That the sprightly South African is reaping the benefits of a life devoted to full fitness and good health was clear on the first tee at Augusta National yesterday as he joined Jack Nicklaus and Arnold Palmer to strike the opening shots of the Masters.
Each year, legendary former Masters champions are invited back to Augusta to act as honorary starters, leading in recent years to the establishment of another tradition, in which Player invariably hits the ball further down the first fairway than his two venerable friends.
Quite apart from his 85 years, Palmer is recovering from a dislocated shoulder, so he did well to make a swing, never mind propel his ball forward.
Yet Nicklaus, at 75, is four years younger than Player, and a good 10 yards shorter off the tee.
Still committed to a rigorous daily fitness regime, South Africa’s Black Knight was the pioneer and remains the champion of golfers who also take pride in being athletes.
So it came as no surprise when he sprang angrily to the defence of Rory McIlroy following recent criticism of the 25-year-old’s intensive gym workouts from a coterie of Major champions and other talking heads.
“It’s the height of ignorance,” said Player, making no effort to pull his punches. Nick Faldo and Paul Azinger figure large among those who warned McIlroy to beware the perils of bulking up too much in the gym, even though the Ulsterman’s regime is scrupulously planned by leading sports physiologist Dr Steve McGregor.
“Throwing 200lb and 300lb weights around is not going to be good for your golf swing,” said six-times Major winner Faldo.
“The heaviest weight I would ever lift was my body weight. You can play some pretty good golf when you have just got some decent shoulders on you and a strong neck and a strong pair of hands.”
Azinger went even further, alluding to Tiger Woods, whose multiple injuries have been, at least in part, Azinger believes, down to his renowned tough sessions in the gym.
“I am concerned about one thing,” Azinger said in his role as ESPN analyst. “It is not a requirement to get in the Hall of Fame or to win all four Majors to be as fit as (McIlroy) seems to be striving to be.
“His body has changed since I saw him at the Open (last year). His arms have gotten a lot bigger and I have recently seen pictures where he is pressing all these giant weights.
“I am wondering what’s the motivation behind that. I just hope that he’s not changing his body to his own detriment, because his body has changed since July last year.”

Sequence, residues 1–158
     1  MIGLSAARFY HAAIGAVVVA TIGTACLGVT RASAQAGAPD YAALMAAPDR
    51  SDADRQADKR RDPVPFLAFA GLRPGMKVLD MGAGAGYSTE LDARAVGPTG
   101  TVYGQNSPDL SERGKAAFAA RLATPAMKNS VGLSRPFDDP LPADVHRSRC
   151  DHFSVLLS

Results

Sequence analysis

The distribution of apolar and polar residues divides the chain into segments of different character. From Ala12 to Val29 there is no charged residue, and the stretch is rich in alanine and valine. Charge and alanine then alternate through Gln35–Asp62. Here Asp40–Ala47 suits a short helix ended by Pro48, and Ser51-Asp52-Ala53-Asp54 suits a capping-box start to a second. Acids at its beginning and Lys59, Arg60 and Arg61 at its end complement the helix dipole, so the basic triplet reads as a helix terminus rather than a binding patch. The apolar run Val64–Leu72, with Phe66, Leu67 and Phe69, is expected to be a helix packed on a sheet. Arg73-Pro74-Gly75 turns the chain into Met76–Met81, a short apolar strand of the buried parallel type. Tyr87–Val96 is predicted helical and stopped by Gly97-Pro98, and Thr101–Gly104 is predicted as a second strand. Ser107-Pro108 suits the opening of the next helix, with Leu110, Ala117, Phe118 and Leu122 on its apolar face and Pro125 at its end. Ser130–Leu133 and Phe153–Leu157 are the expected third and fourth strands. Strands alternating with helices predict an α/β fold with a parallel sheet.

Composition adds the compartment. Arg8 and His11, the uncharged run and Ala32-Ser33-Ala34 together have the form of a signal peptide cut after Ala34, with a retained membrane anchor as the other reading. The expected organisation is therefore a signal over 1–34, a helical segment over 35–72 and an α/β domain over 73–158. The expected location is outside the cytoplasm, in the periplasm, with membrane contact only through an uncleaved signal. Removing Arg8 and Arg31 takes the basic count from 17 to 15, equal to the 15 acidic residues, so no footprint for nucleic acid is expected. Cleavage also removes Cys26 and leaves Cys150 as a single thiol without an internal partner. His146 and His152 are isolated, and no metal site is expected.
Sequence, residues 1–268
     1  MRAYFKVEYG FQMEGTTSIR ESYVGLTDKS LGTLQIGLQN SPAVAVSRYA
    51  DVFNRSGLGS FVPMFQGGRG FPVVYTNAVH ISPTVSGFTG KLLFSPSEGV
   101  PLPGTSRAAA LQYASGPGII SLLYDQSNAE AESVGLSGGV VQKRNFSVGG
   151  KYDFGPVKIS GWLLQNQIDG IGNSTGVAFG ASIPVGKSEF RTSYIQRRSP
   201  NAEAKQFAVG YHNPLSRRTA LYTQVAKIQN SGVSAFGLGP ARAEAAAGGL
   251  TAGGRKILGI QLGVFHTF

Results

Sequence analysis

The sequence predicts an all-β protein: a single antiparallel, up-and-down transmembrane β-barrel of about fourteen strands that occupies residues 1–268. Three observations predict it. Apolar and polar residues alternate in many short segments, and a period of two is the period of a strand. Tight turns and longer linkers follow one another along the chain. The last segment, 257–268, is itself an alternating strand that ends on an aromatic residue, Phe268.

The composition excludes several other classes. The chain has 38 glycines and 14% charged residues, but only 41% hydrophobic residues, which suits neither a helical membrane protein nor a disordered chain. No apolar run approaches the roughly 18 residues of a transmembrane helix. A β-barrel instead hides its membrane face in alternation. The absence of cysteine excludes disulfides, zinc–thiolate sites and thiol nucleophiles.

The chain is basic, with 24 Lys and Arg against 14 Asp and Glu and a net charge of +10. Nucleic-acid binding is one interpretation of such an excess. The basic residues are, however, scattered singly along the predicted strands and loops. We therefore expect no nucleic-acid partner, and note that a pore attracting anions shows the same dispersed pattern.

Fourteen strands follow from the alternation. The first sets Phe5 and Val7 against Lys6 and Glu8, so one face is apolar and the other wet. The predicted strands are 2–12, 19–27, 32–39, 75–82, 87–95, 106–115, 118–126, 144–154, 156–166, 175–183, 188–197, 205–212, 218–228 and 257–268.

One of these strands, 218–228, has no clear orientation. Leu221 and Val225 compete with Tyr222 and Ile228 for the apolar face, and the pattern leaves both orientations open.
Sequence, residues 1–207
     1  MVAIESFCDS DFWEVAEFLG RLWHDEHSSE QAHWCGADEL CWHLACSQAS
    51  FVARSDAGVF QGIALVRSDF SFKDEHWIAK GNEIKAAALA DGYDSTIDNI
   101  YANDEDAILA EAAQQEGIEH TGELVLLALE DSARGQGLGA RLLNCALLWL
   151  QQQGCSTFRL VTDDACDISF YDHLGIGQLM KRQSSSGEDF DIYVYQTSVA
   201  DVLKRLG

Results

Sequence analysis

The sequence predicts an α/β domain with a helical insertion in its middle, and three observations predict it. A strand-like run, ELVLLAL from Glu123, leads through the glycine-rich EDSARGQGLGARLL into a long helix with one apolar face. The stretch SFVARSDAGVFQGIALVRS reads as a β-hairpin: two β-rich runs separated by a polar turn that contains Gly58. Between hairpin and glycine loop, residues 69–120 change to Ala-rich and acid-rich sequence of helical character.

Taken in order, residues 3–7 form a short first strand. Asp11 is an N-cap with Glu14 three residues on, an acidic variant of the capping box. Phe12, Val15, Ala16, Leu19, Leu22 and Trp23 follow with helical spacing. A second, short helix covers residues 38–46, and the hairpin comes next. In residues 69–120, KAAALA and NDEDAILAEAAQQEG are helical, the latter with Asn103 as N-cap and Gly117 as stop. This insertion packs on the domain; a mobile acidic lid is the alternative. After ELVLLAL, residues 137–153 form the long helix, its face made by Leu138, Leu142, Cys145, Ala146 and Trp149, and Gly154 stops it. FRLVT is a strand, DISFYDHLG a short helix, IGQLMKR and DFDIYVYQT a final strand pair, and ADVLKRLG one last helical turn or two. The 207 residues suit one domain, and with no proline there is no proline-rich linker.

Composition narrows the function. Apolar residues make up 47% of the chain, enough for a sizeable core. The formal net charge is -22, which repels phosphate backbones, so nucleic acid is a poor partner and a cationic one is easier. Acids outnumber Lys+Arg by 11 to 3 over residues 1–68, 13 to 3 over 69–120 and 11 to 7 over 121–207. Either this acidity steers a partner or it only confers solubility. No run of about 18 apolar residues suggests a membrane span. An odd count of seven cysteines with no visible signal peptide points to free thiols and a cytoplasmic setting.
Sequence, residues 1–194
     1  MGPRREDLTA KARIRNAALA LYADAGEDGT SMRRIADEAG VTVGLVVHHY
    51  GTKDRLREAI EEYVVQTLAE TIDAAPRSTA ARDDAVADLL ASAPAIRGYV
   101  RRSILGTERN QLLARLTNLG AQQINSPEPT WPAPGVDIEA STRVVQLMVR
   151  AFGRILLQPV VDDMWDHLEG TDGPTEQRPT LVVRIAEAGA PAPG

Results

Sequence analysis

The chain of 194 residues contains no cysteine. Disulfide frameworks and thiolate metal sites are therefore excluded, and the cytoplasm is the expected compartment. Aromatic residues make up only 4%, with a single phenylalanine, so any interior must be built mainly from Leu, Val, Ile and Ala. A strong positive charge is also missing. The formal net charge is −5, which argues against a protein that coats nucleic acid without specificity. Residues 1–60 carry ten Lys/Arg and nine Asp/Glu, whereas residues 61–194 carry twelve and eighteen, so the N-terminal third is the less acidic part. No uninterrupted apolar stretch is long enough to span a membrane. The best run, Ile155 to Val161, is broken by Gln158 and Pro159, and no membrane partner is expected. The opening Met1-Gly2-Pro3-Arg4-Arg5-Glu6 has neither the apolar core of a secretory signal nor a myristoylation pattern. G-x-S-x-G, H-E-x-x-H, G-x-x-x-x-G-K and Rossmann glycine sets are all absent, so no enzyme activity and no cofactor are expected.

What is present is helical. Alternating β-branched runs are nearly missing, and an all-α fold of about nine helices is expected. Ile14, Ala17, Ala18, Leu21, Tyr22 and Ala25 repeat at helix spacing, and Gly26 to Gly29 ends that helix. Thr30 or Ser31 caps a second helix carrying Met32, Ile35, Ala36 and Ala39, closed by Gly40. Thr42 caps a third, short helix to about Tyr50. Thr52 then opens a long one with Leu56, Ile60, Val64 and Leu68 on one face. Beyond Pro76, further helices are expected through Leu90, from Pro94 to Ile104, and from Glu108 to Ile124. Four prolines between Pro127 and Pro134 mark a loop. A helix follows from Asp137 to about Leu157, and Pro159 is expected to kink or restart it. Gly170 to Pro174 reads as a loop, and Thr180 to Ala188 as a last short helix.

Their words infuriated Player, who endured similar if not more widespread criticism as he took the revolutionary path (for a golfer) to the gym in the 1950s and ‘60s.
“It is only because of ignorance,” he fumed. “They used to condemn me and said I would never last. Well, here I am, outlasting them all.”
As he was being swept away to a media conference, Player regretted not having more time to discuss the issue, saying: “We’ve got to sit down and do this properly because that’s important, what you’re talking about.”
Minutes later, sitting alongside Nicklaus and Palmer in the press centre, Player still felt obliged to go into bat for McIlroy in his opening remarks.
Saying he’d heartily welcome “such a wonderful golfer and wonderful young man” into the company of golf’s career Grand Slam-winners, Player complimented McIlroy for “working out extremely hard” and being “very fit”.
He nominated “fitness and patience” as McIlroy’s greatest assets at the Masters (the latter would all to soon be severely tested on the course).
Last year, when defending Woods from similar barbs, Player said: “The night before I won the (career) Grand Slam (in 1965), I was exercising profusely, struggling with 325lb.
“Everybody said, ‘You can’t do that and then play golf. You’re finished, you’ll never have a long career.’
“Well, I won a tournament at 63, so anybody who says that Tiger’s working out too hard talks absolute nonsense.”
The proof was plain to see on Augusta’s first tee shortly after dawn yesterday.
Article courtesy of Independent.ie